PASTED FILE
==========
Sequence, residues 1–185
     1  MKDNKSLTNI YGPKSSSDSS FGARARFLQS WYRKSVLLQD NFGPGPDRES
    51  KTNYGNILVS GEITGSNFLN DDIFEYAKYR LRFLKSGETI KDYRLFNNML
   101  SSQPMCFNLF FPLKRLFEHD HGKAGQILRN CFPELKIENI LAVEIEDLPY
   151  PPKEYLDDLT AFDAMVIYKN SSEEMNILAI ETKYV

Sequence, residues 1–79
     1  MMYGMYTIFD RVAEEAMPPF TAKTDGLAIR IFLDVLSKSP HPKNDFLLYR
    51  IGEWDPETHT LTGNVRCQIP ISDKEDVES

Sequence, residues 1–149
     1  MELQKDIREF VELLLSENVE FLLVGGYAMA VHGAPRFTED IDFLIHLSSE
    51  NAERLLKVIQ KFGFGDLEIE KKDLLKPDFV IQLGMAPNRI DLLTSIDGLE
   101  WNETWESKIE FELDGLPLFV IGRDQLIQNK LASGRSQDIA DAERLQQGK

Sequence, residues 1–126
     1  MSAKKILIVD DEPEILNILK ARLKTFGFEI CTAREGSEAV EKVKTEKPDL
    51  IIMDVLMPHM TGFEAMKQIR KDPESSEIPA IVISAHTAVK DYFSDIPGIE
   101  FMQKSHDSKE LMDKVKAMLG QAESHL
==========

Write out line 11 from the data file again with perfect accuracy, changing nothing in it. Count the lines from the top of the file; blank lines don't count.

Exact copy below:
    51  NAERLLKVIQ KFGFGDLEIE KKDLLKPDFV IQLGMAPNRI DLLTSIDGLE